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Bill Holman

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Born Willis Leonard Holman on May 21, 1927 in Olive, CA, near Santa Ana, Bill Holman took up clarinet in junior high school and tenor saxophone in high school by which time he was leading his own band. After serving in the Navy and studying engineering, he decided in the late '40s that he wanted to write big band music and studied for a while at the Westlake College of Music in Los Angeles with Dave Robertson and Dr. Alfred Sendrey. He also studied composition privately with Russ Garcia and saxaphone with Lloyd Reese. In 1949 he played with the Ike Carpenter Band, in 1951, he was writing for Charlie Barnet, and in 1952 he began his association with Stan Kenton, for whom he wrote and played for many years

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Article: Album Review

David Angel: Out on the Coast

Read "Out on the Coast" reviewed by Jack Bowers


David Angel, one of the West Coast's best-kept secrets, earns a long-overdue hour or three in the sun and makes every moment count on Out on the Coast, a superlative three-disc anthology that bundles fifteen of his luminous original compositions with seven jazz standards in an invariably pleasurable and charming package. When not teaching, writing or ...

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Article: Album Review

Vanessa Perica: Love is a Temporary Madness

Read "Love is a Temporary Madness" reviewed by Jack Bowers


Even as the year 2020 has slid ignobly into the dustbin of history, music-lovers have been buoyed by a number of encouraging signs that the future of big-band jazz is in capable hands. While splendid recordings by old hands Mike Barone, Steve Spiegl, Mark Masters and Maria Schneider have helped keep the flame burning brightly, their ...

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Article: Album Review

Stan Kenton and His Orchestra: In a Lighter Vein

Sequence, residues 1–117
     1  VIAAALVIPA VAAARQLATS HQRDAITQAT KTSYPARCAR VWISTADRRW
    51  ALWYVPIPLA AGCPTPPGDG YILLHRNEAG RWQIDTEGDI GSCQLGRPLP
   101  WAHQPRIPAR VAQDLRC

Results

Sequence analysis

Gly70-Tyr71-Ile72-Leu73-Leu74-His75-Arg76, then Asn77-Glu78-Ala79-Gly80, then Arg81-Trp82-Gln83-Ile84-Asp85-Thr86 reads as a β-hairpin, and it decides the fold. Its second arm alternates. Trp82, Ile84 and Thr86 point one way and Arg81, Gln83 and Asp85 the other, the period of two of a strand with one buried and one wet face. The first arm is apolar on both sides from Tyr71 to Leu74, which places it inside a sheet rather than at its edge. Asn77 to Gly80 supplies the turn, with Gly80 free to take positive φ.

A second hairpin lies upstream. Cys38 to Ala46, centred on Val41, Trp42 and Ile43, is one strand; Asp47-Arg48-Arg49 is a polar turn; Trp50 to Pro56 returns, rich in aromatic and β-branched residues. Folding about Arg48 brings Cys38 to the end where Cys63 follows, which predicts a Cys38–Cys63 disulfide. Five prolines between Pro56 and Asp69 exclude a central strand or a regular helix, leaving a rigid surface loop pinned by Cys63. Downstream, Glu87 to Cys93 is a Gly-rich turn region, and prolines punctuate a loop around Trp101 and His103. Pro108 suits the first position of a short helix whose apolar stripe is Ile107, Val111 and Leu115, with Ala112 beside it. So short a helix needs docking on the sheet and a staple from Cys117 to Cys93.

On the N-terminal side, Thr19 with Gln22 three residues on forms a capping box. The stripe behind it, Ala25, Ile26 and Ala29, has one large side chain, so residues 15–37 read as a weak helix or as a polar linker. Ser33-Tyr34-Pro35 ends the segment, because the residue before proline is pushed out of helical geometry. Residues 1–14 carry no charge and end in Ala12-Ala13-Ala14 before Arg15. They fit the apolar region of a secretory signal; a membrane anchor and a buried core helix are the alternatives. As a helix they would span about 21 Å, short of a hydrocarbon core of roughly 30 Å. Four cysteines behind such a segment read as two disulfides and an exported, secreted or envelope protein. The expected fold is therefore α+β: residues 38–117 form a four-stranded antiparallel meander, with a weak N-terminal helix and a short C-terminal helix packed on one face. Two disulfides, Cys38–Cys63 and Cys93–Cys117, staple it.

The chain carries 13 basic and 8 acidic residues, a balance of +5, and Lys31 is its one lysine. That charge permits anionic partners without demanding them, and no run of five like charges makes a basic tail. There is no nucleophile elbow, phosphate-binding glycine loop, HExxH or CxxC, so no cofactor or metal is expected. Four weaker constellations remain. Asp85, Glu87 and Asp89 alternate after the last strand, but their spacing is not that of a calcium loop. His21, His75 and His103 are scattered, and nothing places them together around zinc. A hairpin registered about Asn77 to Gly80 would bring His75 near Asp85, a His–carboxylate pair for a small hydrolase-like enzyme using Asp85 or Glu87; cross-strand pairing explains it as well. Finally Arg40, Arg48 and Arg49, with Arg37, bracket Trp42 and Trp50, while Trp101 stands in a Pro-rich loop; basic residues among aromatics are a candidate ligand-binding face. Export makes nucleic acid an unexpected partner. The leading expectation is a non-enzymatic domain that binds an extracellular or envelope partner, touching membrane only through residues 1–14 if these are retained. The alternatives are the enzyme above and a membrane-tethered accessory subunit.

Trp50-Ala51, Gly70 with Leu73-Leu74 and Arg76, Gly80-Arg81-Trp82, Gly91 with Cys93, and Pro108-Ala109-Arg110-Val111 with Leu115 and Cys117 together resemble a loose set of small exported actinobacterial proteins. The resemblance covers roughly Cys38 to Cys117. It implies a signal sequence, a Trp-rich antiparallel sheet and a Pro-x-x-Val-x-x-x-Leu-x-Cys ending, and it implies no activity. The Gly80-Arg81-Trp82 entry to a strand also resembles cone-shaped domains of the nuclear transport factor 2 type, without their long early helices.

Read "In a Lighter Vein" reviewed by Jack Bowers


Stan Kenton was a man of many moods, as was his intrepid and popular orchestra, which endured until his passing in August 1979 and whose renown is kept alive even today by the Stan Kenton Legacy Orchestra. Kenton dons his carefree hat on In a Lighter Vein, an assortment of straight-ahead themes from the orchestra's jazz ...

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Article: Album Review

Carl Saunders: Jazz Trumpet

Read "Jazz Trumpet" reviewed by Dan Bilawsky


Septuagenarian trumpeter Carl Saunders, whose horn served and enhanced the music of Stan Kenton, Ella Fitzgerald, Frank Sinatra and numerous other icons, has been a steady presence on the Summit Records imprint. Whether exploring rare Bill Holman charts or crafting a program with a patriotic shine, acting as a featured guest with the Gary Urwin Jazz ...

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News: Recording

Art Pepper: Mucho Calor

Art Pepper: Mucho Calor

When brothers John and Alex Siamas started Rex Productions in 1957, it was conceived as a holding company for several record labels that they launched the same year. Andex was Rex's jazz and gospel imprint but also released R&B and rock 'n' roll singles. Keen was primarily rock 'n' roll and R&B. The third was Ensign, ...

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Article: Album Review

The Stan Kenton Orchestra / Trinity College: Concert Impressions

Read "Concert Impressions" reviewed by Jack Bowers


Here's another splendid two-disc anthology from Tantara Productions showcasing music from the capacious Stan Kenton library, performed on Disc 1 by the Kenton Orchestra circa 1972-76 and on Disc 2 by the Trinity College Big Band, Alumni Band and Symphony Orchestra in 2004 and 2007. Tantara has now released more than twenty albums, all devoted to ...

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Article: Album Review

Stan Kenton and His Orchestra: A Kenton Trilogy, Part 1: Dance Time

Read "A Kenton Trilogy, Part 1: Dance Time" reviewed by Jack Bowers


Better late than never. Having already appraised Part 2 of Sounds of Yesteryear's three-part salute to the Stan Kenton Orchestra, it seemed only proper that the same should be done (albeit out of order) for Part 1 (and Part 3 as well, whenever it is released). Unlike Part 2, which is devoted to the artistry of ...

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Article: Album Review

Stan Kenton: A Kenton Trilogy, Part 2 / The Sound of Jazz

Read "A Kenton Trilogy, Part 2 / The Sound of Jazz" reviewed by Jack Bowers


The Sound of Jazz by the legendary Stan Kenton Orchestra follows Part 1 of a Kenton Trilogy, Dance Time, and hopefully precedes a third component yet to be named. Although Kenton has been gone for more than forty years (he died in August 1979), he has hardly been forgotten, with reissues of concert and studio sessions ...

News: Video / DVD

Stan Kenton: Back to Balboa

Stan Kenton: Back to Balboa

Back in the early 1980s, I headed out to Los Angeles to visit a friend in Huntington Beach for a few days. For the summer trip—my first to the L.A. area—I packed my Sony Walkman and a bunch of West Coast jazz cassettes. The tapes weren't to entertain. My motive was more anthropological. I wanted to ...


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